The guidelines include recommendations for alternative ingredients, “with the goal of improving the usage of available raw materials and creating a formula that better suits China’s conditions. The new guidance recommends rice, cassava rice bran, barley and sorghum as alternatives to corn. Acceptable alternatives to soybean meal include rapeseed meal, cottonseed meal, peanut meal, sunflower meal, distillers dried grains, palm meal, flaxmeal, sesame meal and corn processing byproducts.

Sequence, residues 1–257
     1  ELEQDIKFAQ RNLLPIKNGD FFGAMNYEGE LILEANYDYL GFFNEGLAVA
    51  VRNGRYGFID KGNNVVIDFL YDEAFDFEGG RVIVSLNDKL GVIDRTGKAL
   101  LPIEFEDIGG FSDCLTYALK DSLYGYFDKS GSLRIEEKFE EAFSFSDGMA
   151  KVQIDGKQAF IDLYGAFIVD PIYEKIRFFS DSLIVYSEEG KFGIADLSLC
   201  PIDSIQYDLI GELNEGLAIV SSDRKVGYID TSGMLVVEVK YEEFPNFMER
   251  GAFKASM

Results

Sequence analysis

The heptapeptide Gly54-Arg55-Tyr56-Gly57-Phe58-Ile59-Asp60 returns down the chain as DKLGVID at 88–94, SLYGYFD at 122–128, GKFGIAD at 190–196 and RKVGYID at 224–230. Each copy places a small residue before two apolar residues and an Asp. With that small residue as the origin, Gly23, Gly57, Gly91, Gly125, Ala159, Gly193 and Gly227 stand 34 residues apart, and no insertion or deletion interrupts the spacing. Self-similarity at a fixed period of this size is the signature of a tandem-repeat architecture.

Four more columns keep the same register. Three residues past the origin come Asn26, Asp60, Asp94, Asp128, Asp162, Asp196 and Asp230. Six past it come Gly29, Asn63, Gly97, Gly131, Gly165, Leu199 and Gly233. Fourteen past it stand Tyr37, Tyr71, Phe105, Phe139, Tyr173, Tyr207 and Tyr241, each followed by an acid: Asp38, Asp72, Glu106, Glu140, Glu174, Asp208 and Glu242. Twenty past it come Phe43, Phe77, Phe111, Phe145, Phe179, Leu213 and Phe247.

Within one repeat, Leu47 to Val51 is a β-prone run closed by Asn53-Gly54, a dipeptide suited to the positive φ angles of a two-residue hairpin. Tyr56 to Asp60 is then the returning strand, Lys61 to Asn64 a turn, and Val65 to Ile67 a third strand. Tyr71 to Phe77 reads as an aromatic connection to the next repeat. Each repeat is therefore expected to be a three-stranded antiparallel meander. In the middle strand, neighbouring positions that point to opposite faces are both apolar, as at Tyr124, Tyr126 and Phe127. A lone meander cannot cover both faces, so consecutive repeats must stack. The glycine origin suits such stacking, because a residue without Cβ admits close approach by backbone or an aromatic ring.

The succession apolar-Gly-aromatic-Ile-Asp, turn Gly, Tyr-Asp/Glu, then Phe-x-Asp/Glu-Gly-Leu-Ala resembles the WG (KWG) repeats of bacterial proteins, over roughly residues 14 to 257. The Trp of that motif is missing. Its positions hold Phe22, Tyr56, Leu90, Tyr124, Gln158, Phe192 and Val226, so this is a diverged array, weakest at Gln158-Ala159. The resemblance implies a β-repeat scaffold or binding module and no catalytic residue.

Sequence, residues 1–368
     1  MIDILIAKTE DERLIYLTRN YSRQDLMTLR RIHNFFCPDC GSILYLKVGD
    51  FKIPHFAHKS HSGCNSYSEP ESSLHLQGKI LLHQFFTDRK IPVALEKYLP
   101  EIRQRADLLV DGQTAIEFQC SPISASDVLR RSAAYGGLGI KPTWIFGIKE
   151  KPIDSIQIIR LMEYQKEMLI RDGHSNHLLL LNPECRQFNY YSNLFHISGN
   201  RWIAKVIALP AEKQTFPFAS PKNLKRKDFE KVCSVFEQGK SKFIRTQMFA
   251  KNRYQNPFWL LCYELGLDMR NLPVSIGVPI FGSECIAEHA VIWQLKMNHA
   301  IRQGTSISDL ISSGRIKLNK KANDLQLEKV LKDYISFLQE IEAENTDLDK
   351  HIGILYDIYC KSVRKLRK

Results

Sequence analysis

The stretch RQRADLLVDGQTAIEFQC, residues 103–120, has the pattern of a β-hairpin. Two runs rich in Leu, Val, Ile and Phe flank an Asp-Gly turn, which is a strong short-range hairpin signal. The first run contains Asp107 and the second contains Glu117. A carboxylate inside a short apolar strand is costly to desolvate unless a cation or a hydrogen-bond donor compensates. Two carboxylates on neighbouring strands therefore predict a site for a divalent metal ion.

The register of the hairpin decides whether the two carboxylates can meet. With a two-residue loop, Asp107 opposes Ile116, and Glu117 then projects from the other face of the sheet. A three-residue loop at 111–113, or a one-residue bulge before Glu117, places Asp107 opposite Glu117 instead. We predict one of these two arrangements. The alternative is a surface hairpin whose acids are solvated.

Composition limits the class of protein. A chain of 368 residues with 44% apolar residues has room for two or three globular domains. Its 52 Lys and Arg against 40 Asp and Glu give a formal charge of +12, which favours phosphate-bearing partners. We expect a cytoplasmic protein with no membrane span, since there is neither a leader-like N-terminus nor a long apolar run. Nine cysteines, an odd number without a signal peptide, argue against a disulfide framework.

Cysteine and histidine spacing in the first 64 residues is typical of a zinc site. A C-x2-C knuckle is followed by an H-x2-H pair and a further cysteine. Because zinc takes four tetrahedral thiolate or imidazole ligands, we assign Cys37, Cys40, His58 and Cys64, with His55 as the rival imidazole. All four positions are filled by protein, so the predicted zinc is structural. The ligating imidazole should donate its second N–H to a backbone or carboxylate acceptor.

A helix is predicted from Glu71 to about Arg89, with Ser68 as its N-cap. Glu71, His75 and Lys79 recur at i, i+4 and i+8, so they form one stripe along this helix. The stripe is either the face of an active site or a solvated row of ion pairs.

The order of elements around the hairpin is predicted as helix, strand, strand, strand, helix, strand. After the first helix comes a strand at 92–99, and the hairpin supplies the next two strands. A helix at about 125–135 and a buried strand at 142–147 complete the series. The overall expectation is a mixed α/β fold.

The guidance also suggests feed formulations based on the region of the country. Soybean meal consumption in China will increase 6% year over year, and China is expected to import large amounts of feed grains, mostly from the U.S., in 2021. Wheat use in feed is expected to see a “significant boost” as China’s state reserve offers old/stale wheat and paddy rice to feed mills at lower prices. “In addition, mills are increasingly using wheat to replace corn in the feed formula. As wheat has a higher protein level, the use of soymeal will also be adjusted accordingly.